Seperation of Powers
As a further protection, the personnel of each branch are selected by different constituencies and procedures for different terms of office. The separation of powers principle contrasts with British-style parliamentary government, where almost all political power rests with the legislative branch. The principle of judicial review is an important part of the checks and balances of the American system, although other governments with separated powers do not include it. One criticism of separated powers is that it can also result in weak government, especially if the legislative and executive branches are controlled by different political parties.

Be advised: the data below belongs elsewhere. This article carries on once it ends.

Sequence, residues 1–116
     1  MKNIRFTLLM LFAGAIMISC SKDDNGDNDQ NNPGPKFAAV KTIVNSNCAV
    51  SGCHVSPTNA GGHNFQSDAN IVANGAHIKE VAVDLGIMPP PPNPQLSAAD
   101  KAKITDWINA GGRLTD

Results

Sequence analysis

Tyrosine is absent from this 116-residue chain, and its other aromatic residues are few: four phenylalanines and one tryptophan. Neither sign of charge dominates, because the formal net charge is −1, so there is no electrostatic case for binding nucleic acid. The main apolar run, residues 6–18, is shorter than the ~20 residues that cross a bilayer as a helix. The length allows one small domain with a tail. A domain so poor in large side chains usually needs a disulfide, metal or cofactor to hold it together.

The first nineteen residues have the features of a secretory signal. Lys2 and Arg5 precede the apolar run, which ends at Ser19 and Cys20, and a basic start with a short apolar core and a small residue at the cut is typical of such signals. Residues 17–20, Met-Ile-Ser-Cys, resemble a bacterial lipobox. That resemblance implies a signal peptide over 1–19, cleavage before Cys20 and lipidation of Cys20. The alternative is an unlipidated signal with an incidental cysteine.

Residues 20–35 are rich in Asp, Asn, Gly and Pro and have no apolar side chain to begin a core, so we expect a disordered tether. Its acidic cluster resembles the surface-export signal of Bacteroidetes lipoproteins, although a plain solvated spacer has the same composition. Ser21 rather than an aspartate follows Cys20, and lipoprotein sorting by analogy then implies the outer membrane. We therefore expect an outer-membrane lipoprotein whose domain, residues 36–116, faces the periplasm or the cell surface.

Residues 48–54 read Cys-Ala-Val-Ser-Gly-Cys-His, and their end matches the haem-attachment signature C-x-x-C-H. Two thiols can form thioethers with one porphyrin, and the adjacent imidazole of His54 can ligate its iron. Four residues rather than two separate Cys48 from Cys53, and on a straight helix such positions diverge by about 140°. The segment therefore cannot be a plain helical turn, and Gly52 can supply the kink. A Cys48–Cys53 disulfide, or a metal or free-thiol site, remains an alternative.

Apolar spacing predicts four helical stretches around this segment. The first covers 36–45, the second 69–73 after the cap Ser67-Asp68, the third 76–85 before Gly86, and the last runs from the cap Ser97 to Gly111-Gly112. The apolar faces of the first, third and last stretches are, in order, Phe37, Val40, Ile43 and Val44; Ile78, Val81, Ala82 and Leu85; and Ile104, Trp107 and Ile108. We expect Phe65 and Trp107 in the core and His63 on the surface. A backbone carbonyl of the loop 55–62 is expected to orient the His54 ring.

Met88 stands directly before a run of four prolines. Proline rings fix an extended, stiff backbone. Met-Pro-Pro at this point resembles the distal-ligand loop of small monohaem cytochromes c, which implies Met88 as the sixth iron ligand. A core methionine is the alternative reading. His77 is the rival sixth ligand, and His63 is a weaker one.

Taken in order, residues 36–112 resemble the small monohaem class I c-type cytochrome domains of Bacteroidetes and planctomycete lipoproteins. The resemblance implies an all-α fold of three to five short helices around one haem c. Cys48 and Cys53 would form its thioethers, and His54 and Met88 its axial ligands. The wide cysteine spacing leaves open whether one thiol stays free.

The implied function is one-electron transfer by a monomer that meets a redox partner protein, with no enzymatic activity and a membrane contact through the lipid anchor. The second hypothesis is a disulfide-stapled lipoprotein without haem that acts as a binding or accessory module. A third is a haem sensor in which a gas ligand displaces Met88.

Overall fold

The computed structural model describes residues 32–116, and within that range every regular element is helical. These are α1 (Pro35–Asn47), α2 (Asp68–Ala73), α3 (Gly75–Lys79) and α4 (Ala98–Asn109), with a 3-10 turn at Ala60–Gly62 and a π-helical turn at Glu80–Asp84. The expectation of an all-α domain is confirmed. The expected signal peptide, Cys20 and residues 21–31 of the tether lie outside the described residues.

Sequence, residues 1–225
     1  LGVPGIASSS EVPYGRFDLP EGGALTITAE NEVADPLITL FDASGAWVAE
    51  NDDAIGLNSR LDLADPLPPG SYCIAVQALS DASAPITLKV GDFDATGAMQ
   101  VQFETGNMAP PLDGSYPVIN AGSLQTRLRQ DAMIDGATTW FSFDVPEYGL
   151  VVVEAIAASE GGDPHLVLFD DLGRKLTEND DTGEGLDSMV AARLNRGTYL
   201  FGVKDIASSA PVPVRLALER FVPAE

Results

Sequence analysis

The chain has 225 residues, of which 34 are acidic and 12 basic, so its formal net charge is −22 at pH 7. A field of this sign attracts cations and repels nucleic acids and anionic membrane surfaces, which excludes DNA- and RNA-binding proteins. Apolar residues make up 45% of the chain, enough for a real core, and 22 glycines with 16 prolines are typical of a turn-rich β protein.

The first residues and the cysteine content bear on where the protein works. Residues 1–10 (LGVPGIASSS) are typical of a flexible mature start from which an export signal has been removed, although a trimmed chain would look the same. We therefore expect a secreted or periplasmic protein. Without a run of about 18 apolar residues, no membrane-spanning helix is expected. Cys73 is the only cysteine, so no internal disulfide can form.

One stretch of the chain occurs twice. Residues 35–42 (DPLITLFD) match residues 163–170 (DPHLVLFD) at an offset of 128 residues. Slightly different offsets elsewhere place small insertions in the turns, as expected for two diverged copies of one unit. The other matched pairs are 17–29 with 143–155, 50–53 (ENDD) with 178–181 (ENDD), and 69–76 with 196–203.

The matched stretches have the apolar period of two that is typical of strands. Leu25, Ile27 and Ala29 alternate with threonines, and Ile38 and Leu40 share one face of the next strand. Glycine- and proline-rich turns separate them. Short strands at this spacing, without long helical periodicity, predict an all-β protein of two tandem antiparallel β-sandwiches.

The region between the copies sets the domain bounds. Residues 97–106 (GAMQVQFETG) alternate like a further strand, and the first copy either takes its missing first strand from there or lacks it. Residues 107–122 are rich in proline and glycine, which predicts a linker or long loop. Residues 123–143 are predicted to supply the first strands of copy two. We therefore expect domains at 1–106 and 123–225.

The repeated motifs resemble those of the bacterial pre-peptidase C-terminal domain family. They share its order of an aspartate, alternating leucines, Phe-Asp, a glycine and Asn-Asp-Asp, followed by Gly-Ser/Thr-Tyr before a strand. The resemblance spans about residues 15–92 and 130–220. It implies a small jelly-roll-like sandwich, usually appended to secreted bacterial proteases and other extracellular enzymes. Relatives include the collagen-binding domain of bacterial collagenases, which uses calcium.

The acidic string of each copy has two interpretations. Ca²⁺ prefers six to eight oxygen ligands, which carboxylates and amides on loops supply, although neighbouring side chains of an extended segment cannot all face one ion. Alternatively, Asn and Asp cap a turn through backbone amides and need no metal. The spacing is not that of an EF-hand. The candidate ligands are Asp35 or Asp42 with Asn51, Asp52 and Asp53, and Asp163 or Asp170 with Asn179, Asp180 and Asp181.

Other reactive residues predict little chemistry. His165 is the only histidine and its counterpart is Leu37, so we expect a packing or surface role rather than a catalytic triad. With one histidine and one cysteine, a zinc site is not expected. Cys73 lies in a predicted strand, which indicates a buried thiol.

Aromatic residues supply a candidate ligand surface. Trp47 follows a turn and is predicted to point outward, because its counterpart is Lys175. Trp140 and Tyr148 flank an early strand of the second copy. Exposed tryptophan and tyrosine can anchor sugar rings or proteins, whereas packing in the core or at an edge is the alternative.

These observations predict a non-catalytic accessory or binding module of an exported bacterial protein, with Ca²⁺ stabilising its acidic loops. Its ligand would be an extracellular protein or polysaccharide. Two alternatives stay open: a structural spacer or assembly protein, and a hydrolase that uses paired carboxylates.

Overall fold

Bibliography: Fischer, L., Constitutional Conflicts between Congress and the President, 3d ed. (1991); Gwyn, W. B., The Meaning of the Separation of Powers (1965); Knight, B. B., ed., Separation of Powers in the American Political System (1989); Saye, A. B., and Allums, J. F., Principles of American Government, 11th ed. (1990).